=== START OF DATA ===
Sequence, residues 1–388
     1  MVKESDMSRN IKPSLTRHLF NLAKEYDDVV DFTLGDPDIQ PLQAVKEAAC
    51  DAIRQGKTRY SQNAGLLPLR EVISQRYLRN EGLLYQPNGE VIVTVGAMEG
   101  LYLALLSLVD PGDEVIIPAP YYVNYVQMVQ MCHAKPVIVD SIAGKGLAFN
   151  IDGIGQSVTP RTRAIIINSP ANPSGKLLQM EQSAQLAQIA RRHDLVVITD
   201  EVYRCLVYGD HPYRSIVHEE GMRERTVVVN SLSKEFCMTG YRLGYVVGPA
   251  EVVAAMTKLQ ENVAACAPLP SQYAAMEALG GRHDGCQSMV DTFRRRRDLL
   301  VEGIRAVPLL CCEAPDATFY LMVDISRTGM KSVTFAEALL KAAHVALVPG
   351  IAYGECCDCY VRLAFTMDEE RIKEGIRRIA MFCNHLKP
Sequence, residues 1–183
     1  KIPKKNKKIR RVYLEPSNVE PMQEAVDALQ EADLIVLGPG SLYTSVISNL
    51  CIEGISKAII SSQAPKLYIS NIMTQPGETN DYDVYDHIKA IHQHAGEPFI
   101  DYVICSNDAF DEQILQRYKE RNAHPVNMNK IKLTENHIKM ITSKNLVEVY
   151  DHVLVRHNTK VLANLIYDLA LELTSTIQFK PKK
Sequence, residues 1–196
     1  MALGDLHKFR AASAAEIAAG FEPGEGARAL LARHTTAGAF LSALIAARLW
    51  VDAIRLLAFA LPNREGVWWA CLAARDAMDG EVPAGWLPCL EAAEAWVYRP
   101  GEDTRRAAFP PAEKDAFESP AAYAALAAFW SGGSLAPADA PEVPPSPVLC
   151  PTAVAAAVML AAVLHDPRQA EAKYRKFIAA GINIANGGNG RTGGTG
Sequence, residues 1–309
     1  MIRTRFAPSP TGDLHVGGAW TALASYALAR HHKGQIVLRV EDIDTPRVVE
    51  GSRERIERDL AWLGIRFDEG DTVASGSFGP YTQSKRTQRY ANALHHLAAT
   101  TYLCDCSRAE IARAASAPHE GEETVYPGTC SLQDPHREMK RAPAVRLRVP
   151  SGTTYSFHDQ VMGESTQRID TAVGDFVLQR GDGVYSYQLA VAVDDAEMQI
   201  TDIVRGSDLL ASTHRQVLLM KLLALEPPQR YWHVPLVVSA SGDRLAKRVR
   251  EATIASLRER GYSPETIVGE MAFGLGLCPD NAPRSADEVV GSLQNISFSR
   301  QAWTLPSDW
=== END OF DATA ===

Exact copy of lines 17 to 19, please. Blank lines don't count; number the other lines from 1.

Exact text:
    51  VDAIRLLAFA LPNREGVWWA CLAARDAMDG EVPAGWLPCL EAAEAWVYRP
   101  GEDTRRAAFP PAEKDAFESP AAYAALAAFW SGGSLAPADA PEVPPSPVLC
   151  PTAVAAAVML AAVLHDPRQA EAKYRKFIAA GINIANGGNG RTGGTG